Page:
“Who am I? What do I want out of life? What is my purpose? How can I make a contribution and still doing the things I enjoy? What are my priorities? What do I want to do for the rest of my life? How can I be expected to choose what to study in varsity when I don’t even know who I AM?”
Does that sound like you? Well, before your existential crisis turns into a meltdown and you break into the ugly cry, maybe you should consider taking a gap year.
What is a gap year, exactly? It’s time taken out to do something other than study before continuing on to further education or employment. In the South African context, this usually occurs after Matric and before the first year of university/college, and will happen from December through to December, seeing as our school year starts in January.
Gap years can consist of many different activities. Some people volunteer, some people go backpacking, some people do work like waitering, teaching or au pairing, or some combination of these things. Being clear on your reasons for doing a gap year will help you decide what it is you want to spend your year doing. It will also help you check yourself and evaluate whether you’re getting what you want to get out of it or not, and if you find you aren’t, to change what you’re doing so that you are.
Some good reasons to take a gap year are:
- You want to learn more about yourself and about the world.
- You’re lost and don’t know where to go from high school.
- You’re burnt out and need to recharge before taking on the next challenge.
- You can’t afford university and need to work for a year to save up so you can support yourself through your studies.
- You want to try out a career by volunteering or interning before committing to a career path.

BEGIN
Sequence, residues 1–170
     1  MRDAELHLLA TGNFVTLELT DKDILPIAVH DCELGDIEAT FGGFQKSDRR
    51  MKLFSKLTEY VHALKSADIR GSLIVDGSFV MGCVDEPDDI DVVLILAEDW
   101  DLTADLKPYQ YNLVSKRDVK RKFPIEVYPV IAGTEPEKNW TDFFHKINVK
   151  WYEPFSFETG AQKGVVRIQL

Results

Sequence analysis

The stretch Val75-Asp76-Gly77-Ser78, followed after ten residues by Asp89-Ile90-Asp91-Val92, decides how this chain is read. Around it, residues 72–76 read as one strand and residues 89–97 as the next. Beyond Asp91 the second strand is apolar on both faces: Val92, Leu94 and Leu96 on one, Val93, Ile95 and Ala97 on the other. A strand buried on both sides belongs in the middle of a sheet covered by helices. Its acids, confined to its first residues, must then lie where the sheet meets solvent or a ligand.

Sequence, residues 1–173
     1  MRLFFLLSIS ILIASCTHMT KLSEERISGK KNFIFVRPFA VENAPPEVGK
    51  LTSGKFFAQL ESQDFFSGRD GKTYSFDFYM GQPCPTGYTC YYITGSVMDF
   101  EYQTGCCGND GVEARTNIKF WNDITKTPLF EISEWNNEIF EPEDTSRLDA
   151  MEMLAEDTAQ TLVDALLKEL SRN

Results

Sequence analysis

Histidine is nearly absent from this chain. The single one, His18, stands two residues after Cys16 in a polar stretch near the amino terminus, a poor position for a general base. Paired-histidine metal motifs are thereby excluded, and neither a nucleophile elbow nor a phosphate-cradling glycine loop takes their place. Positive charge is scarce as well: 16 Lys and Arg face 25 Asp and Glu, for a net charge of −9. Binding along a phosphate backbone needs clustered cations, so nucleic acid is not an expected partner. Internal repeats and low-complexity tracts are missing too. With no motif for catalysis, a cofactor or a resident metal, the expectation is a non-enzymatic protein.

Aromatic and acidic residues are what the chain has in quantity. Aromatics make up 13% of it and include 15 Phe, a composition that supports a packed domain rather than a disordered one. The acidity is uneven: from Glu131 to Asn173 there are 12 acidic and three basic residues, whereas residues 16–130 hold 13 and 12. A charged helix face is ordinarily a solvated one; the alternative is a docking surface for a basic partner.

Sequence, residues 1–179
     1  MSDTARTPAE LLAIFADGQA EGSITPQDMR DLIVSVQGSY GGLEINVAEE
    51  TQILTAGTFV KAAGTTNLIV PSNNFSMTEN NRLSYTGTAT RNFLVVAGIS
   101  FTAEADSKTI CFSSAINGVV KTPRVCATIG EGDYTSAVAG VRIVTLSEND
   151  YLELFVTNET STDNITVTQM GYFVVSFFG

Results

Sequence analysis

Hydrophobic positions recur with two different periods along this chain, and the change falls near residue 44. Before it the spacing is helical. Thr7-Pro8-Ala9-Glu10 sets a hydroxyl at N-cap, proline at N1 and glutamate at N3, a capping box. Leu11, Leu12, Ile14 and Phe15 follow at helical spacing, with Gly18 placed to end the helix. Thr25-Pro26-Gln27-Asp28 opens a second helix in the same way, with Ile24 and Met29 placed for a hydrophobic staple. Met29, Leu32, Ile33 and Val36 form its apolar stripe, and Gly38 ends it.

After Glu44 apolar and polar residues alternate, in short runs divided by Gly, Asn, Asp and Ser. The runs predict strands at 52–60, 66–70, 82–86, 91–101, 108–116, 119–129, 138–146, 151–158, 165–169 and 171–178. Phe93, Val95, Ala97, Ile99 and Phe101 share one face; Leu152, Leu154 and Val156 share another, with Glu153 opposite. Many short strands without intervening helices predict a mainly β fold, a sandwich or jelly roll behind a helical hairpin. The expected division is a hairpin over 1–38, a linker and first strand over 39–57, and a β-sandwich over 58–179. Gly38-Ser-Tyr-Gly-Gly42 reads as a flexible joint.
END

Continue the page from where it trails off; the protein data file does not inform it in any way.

Some bad reasons to take a gap year:
- You really like to party and would like to spend a year doing that before studying.
- You got rejected by your first choice university and see no point in going to your second choice.
- You hate your parents and living at home and this is the closest you’re going to get to moving out.
- Everyone else is doing it, or everyone you’ve spoken to said it’s a good idea.
- It’ll look good on your cv/university application/anyone else you want to impress.
- You want to save the poor children in Africa.
- Because your boy/girlfriend broke your heart and you just need to get away from it all.
- Running away from anything. Sort out your problem. A gap year is not the solution.
Learning about yourself
You’re young. You’ve just spent the last 5 years doing pretty much the same thing year in, year out (most likely wearing the same clothes and speaking to the same people). You haven’t really experienced the world, or pushed yourself outside of your comfort zone, so how could you possibly know who you are as a person?
Taking a gap year is a great way to do some deep reflection and get to know things about yourself. Suddenly, you’re entirely responsible for yourself, for the first time in your life. You have to feed yourself, wash your own clothes, sort out your own admin with banks and paying bills. There’s a lot of growing up that happens in a gap year. Chris, 29, took a minimum wage job in London in his gap year, and says,
“The best thing about the year was gaining a sense of who I could be in the world. By the end of the year I knew that with only my matric certificate I could survive in one of the busiest cities in the world for a whole year without any outside help, which was a huge ego boost!”